The Problems and Promise of Commercial Society

Adam Smith's Response to Rousseau

By (author) Dennis C. Rasmussen

Paperback - £21.95

Publication date:

10 March 2009

Length of book:

208 pages

Publisher

Penn State University Press

ISBN-13: 9780271033495

Adam Smith is popularly regarded as the ideological forefather of laissez-faire capitalism, while Rousseau is seen as the passionate advocate of the life of virtue in small, harmonious communities and as a sharp critic of the ills of commercial society. But, in fact, Smith had many of the same worries about commercial society that Rousseau did and was strongly influenced by his critique.

In this first book-length comparative study of these leading eighteenth-century thinkers, Dennis Rasmussen highlights Smith’s sympathy with Rousseau’s concerns and analyzes in depth the ways in which Smith crafted his arguments to defend commercial society against these charges. These arguments, Rasmussen emphasizes, were pragmatic in nature, not ideological: it was Smith’s view that, all things considered, commercial society offered more benefits than the alternatives.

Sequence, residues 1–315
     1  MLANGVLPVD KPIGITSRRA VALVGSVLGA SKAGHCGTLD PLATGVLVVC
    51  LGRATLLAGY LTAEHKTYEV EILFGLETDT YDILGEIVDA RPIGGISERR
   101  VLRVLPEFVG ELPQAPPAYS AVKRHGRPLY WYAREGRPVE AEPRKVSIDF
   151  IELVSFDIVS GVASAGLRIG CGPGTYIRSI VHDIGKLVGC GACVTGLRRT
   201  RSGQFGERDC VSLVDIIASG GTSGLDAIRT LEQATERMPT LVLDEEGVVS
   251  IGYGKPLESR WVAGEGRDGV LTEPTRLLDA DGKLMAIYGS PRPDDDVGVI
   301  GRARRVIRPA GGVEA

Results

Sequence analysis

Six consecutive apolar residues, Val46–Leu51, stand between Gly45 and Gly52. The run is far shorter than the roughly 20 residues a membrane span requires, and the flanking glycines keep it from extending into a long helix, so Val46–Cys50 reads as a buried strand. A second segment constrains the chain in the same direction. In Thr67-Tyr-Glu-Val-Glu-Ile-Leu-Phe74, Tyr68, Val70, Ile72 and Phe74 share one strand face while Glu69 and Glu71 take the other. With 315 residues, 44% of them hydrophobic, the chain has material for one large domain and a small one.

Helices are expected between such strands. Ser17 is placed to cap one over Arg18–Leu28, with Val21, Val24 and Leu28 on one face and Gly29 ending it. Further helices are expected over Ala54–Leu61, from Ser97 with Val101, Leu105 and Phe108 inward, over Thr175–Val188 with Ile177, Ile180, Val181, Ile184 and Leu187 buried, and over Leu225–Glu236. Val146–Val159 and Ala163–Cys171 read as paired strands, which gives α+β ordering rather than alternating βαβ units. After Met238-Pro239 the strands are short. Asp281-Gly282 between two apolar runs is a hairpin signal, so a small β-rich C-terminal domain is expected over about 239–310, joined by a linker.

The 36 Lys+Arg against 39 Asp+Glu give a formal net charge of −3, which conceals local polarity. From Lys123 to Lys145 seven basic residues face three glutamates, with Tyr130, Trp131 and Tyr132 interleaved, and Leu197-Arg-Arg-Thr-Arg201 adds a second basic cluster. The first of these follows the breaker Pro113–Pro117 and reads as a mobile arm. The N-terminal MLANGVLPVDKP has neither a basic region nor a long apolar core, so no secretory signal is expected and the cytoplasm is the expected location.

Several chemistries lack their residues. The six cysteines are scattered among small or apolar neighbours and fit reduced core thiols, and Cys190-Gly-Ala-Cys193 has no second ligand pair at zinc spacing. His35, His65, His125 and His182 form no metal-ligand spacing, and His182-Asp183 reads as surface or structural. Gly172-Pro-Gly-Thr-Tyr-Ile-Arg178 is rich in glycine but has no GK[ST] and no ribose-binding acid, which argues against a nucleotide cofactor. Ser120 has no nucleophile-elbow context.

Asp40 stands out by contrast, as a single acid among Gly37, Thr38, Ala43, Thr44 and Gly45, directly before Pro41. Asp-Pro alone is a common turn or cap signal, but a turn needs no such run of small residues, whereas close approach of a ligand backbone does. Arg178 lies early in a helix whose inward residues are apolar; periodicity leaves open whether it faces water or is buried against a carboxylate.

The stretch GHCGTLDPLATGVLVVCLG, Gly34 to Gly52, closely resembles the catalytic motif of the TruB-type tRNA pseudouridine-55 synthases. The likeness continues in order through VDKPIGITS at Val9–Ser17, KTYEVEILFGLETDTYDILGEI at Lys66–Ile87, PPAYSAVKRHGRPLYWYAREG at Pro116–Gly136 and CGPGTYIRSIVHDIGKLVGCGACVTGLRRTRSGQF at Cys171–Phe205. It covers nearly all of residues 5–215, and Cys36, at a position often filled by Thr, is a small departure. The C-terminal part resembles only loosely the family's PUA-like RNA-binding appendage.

Just because of this pragmatic orientation, Smith’s approach can be useful to us in assessing the pros and cons of commercial society today and thus contributes to a debate that is too much dominated by both dogmatic critics and doctrinaire champions of our modern commercial society.

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“Dennis Rasmussen has written a fine book on Adam Smith’s defense of commercial society as a response to Rousseau. As Rasmussen demonstrates, Smith not only took Rousseau’s critique of commercial society seriously but also evinced a surprising degree of sympathy with it. By reviving Smith’s dialogue with Rousseau, Rasmussen examines an important episode in the history of political thought and engages a debate over the benefits and drawbacks of commercial society that continues today.”

—John T. Scott, University of California, Davis

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